oMyGudd is a python plugin, it’s a Generic Udp Device Driver for Channels In and Out within XSI
Content : Plugins/GuddIo.py, Doc/guddIo/ReceiveTest.py, Doc/guddIo/send.pd, Doc/guddIo/GuddIo.html, Doc/guddIo/*.jpg
Because TimerEvent performance was quite bad a few years ago, i’ve started to develop GUDD, a c++ plugin with it’s device manager.
Now it looks a python event can turn about 20fps on my xpPro 32bit (dual3Gig + 1Gig Ram + si 2012), for in or out on 3 sensor with 6 dof each ( 18 datas ).
So here it is :
Device : the unique name of this property to manage many instance ( not working yet, Do not change the prop’s name or try many instance … ).
Port sets the UDP port
Fps set the SiTimer « Interval », see notes besides.
Input or Output _Channel : Deprecated si terminology, means it will receive or emit datas.
Nb_Sensors : Choose the number of sensors according to their number of DOF ( Degrees Of Freedom ) : nbChannels = nbSensors * nbDof
OneDofSensor means that only one value per sensor will be send or receive, value is the Y position.
SixDofSensor means 6 value : pos and rot xyz
NineDofSensor means 9 value : pos, rot and scale xyz
Generate Don’t forget to Generate the mapped objects before starting .
Extract DL/last.zip into your %XSI_USERHOME% ( run « Application.LogMessage( Application.InstallationPath( 3 ) ) » in the script panel if you’re not sure ).
In XSI, go to file -> Plugin Manager -> update all.
A « GuddIo » submenu shall appear in the Devices menu ( Animate->Tools section ) :
You can put ReceiveTest.py and send.pd where you want
Clic on GuddIo -> Add to add this property to your scene.
After setting your device, clic on the « Generate » button to create needed objects (null) that will be mapped to the device.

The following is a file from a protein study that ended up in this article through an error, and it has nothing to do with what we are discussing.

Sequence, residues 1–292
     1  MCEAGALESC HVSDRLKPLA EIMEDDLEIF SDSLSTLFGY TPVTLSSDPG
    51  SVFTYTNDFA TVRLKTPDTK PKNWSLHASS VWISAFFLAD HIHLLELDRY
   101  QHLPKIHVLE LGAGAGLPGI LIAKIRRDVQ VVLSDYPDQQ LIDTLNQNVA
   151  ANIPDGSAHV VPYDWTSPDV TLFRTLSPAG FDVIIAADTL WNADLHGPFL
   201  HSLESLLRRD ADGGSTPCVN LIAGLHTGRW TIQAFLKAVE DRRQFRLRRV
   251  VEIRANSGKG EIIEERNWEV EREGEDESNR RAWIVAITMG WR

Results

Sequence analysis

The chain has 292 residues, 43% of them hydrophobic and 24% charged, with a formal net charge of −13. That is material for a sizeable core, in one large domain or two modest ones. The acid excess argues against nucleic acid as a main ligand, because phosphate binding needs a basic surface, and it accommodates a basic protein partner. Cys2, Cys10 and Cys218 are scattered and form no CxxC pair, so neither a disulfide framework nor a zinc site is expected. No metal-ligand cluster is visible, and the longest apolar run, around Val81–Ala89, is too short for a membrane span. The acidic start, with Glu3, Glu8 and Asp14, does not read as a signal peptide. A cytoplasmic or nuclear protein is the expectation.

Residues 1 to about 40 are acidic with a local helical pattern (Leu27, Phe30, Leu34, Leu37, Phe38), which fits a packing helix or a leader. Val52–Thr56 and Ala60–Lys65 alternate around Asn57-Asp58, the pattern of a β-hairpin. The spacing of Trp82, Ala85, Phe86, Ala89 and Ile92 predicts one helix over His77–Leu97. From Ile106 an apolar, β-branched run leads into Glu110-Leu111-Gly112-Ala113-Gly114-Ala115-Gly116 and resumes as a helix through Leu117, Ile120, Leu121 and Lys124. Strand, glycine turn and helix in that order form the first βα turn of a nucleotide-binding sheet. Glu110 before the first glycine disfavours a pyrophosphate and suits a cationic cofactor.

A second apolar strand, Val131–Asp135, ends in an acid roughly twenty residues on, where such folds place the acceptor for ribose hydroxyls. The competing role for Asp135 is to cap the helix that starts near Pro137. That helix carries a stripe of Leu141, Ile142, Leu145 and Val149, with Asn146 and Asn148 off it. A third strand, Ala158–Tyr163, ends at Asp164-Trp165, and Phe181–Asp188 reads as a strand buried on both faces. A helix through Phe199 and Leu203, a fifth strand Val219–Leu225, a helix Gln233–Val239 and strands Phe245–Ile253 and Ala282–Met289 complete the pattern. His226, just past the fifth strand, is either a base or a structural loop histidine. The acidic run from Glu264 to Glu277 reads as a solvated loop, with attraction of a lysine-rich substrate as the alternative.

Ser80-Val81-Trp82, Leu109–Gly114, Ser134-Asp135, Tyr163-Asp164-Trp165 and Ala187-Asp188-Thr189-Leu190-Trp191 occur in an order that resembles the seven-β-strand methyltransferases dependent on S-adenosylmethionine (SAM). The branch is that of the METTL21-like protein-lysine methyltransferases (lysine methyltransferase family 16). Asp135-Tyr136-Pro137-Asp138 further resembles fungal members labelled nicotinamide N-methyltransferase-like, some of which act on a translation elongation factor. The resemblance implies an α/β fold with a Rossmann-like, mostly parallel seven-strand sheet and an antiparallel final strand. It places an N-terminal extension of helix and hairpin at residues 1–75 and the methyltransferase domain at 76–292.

TEST Channel Out : Set the device as you want and run the python script ReceiveTest.py : python ReceiveTest.py port=YourPort
You should see something like this (The first data is the actual time ) :
If you want to check performances, try a record :
python ReceiveTest.py port=YourPort rec=MyRecord.txt recFrame=250 tempo=40
This will record 250 frame at 25fps (40ms), so it must took 10second to be run. Once it’s finish, open the MyRecord.txt, the total time used by the script is writen at the end of the log.
TEST Channel In : Set the Device as an Input_Channel, and clic Start.
Xsi will freeze until it get something on the UDP port, so you’d better start the « Sender » first.
Here is provided a puredata’s patch « send.pd ». Puredata is a very usefull tool for everything, install the pd-extended version : http://puredata.info/community/projects/software/pd-extended
Open the patch, set the port according to your SI config, and clic on the white button on the red background to connect, than use the sliders to modifie sended values :
As said in xsisdk doc, the timer event is a little sensitive about performances, and sending or receiving can increase this phenomenon.
If you’re on an Ouput Channel, you can set the frame rate as you wish as it is not bigger than your si view’s fps.
Tip is that realtime will be very closer if you « play » your scene while sending, ( it looks xsi is refreshing better when playing ), and if your receiver is on the same tempo.
On the contrary, if you’re an Input Channel, than the UDP receiver will be a « blocking » socket : it’ll freeze xsi untill it get a packet.
The good way to set your timing for receiving is to send at a reasonable tempo, for example 40 ms (25fps) and check if you got a « lag ».
If so, that means xsi is slower than the sender, you migth see an fps smaller than 25, let say 20, so just adjust your oMyGudd’s fps to 20, restart the device, you shall be real time. ( example is based on my config )